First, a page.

october 2008

Where We All Stand Enlightened

By David McGee

Darrell Scott
Appleseed Recordings/Full Light Records

When last we heard from Darrrell Scott the solo artist, it was 2006 and in The Invisible Man he was contemplating some weighty existential questions spurred by the death of his friend Stuart Adamson, founder and voice of the formidable Scottish rock band Big Country, and he had enlisted Dan Dugmore, Richard Bennett, Sam Bush, John Cowan and other titans of our times to assist him on his journey. On Modern Hymns he's not exactly dispensed with his existential angst, but rather is exploring its manifestations in the songs of some of his favorite artists, attended by a supporting cast every bit as formidable as that encountered on his previous long player-namely, upright bassist Danny Thompson, Dirk Powell on fiddle, banjo and accordion, Stuart Duncan on fiddle, Ronnie and Del McCoury (on mandolin and harmony vocal, respectively, on Joni Mitchell's "Urge For Going"), his compatriot in Steve Earle's Dukes, Casey Driessen (on fiddle on Dylan's "I Don't Believe You"), with vocal assists from John Cowan, Mary Gauthier, Alison Krauss, the Fisk Jubilee Singers, Suzi Ragsdale and others. If Modern Hymns is not quite the all-consuming spiritual inquiry that The Invisible Man was, it's no less a spiritual outpouring in terms of the passion expended on every lick and vocal. Many times it's overtly spiritual: Adam Mitchell's "Out Among the Stars," begins with Scott, the Fisk Jubilee Singers and an emotional Jonell Moser singing a verse of the powerful gospel standard, "Farther Along," and then continues the gospel approach as a tale unfolds of a weary wanderer's travails and yearnings for release from earthly bonds; a powerful, full-bodied production of Leonard Cohen's "Joan of Arc," with its tortured heroine in poignant reflection as the flames consume her on the pyre, summons a singularly holy aspect on the strength of Scott's parched, dispassionate vocal as the fire and Mary Gauthier's and Alison Krauss's dignified, unyielding voice of Joan framed by an ethereal female chorus and a brooding string quintet, with the Fisk Jubilee Singers entering with a low, ostinato rumble at the six-minute mark of the near-eight-minute epic articulating the beauty, tragedy and dramatic grandeur of its subject's mission; Kris Kristofferson's "Jesus Was a Capricorn," musings on the holier-than-thou attitudes, shall we say, that might greet the son of God were He to return to this mortal coil, trucks along on a down-home blues framework with an added boost from Odessa Settles's gutsy testifying support vocal, Stuart Duncan's plaintive fiddle and Scott's own expressive dobro interjections; Hoyt Axton's "The Devil" is a no-holds-barred sprint, breaking from the gate as a spirited holy-roller call and response jubilee (with Scott's chorus numbering Odessa Settles, John Cowan, Suzi Ragsdale, Danny Flowers and Kathy Chiavola) into a hard charging bluegrass workout with gospel overtones and a furious instrumental charge led by Powell and Duncan's fiddles, Thompson's upright bass and Flowers's dobro. A spiritual song in its own right, Paul Simon's "American Tune," the most familiar of these well-chosen covers, dispenses with Simon's gripping, atmospheric orchestration in favor of a stark, stripped-down mood with a country flavored feel supplied by a restrained, nuanced quintet of banjo (Powell), upright bass (Thompson), fiddle (Duncan), guitar (Scott) and, on mandolin and strikingly emotional harmony vocals, Tim O'Brien, all the better to emphasize the urgency the narrator imparts in "the age's most uncertain hour." No one will mistake for a spiritual John Hartford's satiric lament for a vanishing Nashville night life, "Nobody Eats At Linebaugh's Anymore," but Scott clearly feels Hartford's pain and, with vocal help from Jamie Hartford, John Cowan and Sam Bush, presents it as a down-home gospel quartet outing. All this, plus some lighter moments provided by a jazzy, pastoral take on the Lyle Mayes-Pat Metheny instrumental, "James" and a deconstruction of the Dylan song as a pop-jazz item. At the end Scott returns to his unstated them by way of the quiet benediction that is Guy Clark's winsome explication of haunting memories, "That Old Time Feeling." It comes right out of the church hymnal, thanks to Scott's Southern Baptist piano stylings and, notably, the Fisk Jubilee Singers' majestic backing, soaring heavenward here, moaning low there as Scott drives the song's emotions outward and inward, finally resting gently in a place of peace, where we all stand enlightened. Many thanks, Darrell. Modern Hymns does a body good.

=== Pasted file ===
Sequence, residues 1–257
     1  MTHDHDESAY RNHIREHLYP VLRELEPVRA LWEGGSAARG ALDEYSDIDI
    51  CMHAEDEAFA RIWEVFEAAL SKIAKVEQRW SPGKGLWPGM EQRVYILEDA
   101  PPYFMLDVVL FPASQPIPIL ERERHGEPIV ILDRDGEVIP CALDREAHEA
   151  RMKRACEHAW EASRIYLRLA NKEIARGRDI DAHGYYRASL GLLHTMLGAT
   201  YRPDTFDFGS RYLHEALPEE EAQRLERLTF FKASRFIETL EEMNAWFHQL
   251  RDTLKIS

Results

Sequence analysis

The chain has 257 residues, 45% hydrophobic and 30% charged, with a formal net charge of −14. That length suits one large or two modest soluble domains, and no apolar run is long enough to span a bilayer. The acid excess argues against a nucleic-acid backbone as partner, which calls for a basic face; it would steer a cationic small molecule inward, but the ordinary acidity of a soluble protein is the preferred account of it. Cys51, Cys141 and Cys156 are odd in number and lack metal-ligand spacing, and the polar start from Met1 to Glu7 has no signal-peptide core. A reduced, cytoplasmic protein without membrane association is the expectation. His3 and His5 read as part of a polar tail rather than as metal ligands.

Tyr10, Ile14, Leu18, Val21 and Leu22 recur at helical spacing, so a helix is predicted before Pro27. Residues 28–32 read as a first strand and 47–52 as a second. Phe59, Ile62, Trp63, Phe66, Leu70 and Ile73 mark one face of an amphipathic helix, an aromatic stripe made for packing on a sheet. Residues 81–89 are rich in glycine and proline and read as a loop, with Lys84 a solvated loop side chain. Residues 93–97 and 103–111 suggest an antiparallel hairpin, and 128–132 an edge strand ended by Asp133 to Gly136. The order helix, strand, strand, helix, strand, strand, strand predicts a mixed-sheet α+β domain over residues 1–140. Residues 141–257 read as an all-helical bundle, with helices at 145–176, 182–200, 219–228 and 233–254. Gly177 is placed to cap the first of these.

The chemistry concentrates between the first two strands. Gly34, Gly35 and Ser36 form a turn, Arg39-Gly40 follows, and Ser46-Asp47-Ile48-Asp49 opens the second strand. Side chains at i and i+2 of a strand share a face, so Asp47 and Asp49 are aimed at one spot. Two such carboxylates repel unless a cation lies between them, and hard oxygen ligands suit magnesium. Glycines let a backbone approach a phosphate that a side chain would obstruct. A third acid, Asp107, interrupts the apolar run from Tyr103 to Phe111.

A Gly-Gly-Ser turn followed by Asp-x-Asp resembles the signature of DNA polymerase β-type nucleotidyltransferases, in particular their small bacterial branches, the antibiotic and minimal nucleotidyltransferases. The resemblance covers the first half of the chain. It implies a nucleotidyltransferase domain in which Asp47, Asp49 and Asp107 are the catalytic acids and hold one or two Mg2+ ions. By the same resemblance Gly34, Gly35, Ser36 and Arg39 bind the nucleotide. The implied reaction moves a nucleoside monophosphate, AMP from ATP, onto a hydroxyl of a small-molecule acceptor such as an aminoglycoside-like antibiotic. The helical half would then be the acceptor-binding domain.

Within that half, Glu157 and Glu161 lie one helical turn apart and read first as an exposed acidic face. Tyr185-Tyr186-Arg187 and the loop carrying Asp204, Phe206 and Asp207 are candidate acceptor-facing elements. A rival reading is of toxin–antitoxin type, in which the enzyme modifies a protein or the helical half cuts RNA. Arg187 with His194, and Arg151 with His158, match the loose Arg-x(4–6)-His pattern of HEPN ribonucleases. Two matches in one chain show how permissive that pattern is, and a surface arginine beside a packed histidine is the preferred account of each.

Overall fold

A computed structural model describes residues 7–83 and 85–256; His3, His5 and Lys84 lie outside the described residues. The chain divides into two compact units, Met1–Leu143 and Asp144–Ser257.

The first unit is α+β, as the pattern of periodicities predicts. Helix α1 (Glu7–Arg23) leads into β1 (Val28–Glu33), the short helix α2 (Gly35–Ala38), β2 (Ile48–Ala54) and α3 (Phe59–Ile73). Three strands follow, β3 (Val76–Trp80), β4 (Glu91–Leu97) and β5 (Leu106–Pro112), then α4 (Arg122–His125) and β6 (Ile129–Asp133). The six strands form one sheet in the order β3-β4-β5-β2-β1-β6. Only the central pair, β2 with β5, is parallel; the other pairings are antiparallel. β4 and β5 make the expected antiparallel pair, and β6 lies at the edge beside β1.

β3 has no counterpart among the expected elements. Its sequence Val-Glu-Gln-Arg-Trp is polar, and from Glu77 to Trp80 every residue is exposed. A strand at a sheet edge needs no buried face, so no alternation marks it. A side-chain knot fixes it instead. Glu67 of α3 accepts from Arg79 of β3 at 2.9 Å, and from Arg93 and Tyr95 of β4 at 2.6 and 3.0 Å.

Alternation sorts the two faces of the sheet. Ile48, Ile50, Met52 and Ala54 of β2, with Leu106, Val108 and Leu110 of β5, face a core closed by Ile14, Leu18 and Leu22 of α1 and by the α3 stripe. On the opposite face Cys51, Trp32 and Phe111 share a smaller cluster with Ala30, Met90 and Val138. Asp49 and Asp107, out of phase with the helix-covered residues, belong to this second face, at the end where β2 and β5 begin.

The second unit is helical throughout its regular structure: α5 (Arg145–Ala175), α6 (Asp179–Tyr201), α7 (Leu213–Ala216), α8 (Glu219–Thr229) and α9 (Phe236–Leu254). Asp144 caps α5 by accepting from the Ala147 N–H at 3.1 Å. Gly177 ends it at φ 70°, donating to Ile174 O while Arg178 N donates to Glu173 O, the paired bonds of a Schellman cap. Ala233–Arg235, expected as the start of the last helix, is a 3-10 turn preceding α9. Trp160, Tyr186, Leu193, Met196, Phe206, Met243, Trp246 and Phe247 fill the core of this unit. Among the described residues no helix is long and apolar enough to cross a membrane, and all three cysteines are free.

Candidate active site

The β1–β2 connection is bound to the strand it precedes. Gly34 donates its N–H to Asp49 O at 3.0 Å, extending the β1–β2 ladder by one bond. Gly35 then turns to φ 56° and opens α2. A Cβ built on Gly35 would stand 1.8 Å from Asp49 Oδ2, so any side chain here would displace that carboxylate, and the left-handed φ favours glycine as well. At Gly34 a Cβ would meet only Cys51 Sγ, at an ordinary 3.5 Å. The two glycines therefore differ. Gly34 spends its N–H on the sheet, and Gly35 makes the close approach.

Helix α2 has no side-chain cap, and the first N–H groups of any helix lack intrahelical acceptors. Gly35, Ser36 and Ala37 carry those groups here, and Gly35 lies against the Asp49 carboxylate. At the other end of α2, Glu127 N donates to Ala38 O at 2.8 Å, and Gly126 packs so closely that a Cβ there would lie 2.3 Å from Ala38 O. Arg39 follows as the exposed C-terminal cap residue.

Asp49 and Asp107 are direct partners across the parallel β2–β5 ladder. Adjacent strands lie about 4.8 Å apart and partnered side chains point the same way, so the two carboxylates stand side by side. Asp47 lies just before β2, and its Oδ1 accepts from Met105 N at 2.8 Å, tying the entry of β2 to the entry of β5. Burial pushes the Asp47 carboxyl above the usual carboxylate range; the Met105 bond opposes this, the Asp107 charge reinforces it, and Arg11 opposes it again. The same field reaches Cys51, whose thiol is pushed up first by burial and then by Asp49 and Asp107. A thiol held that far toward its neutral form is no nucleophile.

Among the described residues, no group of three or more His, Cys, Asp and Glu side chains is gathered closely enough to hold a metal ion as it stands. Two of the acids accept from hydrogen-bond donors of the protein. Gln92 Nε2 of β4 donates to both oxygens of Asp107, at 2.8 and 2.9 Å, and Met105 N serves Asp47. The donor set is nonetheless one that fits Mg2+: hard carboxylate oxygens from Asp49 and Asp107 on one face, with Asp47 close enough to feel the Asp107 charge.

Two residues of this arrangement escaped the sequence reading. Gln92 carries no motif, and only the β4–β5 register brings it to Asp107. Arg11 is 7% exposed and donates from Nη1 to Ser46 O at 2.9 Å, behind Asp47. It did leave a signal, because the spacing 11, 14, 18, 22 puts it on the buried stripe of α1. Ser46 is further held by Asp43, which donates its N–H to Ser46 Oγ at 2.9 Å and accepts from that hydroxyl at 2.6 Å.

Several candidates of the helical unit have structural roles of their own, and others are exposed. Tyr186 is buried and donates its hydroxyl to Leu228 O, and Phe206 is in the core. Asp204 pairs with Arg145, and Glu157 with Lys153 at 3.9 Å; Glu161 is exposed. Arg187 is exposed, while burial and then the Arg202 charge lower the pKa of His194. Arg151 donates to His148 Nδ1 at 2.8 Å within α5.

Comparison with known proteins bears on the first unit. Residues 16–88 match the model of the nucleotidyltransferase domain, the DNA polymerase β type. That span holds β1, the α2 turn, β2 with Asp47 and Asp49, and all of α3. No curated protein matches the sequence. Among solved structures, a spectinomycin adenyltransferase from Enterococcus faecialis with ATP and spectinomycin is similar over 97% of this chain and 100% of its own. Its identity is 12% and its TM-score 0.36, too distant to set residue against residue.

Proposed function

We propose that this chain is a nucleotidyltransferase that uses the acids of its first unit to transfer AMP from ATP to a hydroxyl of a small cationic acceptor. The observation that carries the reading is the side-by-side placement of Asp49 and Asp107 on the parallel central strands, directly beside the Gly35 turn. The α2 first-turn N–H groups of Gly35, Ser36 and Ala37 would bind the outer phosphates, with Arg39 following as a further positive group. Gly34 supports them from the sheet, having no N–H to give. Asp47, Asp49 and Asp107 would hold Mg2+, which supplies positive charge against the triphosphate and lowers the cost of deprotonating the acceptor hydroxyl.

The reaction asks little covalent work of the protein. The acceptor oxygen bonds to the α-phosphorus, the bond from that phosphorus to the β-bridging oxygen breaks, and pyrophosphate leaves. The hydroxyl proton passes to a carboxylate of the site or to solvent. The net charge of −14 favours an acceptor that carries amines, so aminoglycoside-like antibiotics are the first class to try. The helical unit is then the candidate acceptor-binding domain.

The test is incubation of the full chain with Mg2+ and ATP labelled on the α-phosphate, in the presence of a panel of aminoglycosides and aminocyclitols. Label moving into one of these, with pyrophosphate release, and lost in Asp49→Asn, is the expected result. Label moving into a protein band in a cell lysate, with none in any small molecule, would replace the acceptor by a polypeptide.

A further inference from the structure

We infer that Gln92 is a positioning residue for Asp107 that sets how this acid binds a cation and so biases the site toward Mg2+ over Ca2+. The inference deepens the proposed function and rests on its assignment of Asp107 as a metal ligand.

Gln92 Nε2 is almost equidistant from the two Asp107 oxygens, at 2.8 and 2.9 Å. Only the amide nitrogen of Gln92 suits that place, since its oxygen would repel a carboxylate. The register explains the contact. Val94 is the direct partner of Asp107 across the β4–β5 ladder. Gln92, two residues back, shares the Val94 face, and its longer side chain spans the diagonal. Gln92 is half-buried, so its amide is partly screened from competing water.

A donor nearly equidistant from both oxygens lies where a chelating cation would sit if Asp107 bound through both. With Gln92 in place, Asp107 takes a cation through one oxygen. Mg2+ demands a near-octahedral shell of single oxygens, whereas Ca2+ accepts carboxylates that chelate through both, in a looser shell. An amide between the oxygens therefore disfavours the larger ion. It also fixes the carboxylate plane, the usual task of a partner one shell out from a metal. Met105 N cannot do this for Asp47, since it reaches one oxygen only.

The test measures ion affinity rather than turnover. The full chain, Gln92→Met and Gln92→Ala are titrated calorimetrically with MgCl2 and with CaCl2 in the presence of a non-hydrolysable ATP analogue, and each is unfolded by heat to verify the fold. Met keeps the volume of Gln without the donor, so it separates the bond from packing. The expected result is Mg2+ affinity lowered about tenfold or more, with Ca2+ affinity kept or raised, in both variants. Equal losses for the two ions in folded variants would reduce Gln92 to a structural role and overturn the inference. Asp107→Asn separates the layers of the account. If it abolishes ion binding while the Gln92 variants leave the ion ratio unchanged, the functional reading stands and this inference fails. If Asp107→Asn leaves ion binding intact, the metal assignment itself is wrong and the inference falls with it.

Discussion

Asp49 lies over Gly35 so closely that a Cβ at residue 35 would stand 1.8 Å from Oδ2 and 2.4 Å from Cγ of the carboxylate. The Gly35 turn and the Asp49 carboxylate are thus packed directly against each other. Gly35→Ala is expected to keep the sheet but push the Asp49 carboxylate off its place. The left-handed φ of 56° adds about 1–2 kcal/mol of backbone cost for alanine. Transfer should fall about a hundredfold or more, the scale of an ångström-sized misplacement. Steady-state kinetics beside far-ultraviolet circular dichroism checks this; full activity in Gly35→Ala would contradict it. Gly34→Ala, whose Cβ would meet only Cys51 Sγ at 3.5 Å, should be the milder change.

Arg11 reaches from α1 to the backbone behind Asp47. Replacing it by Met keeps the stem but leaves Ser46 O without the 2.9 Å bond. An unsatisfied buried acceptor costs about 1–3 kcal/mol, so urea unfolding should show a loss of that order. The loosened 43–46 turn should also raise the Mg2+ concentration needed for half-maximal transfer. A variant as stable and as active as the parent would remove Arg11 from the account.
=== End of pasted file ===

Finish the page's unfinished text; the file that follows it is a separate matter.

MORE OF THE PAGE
Founder/Publisher/Editor: David McGee
Contributing Editors: Billy Altman, Derk Richardson
Logo Design: John Mendelsohn (www.johnmendelsohn.com)
Website Design: Kieran McGee (www.kieranmcgee.com)
Staff Photographers: Audrey Harrod (Louisville, KY; www.flickr.com/audreyharrod), Alicia Zappier (New York)
E-mail: thebluegrassspecial@gmail.com
Mailing Address: David McGee, 201 W. 85 St.—5B, New York, NY 10024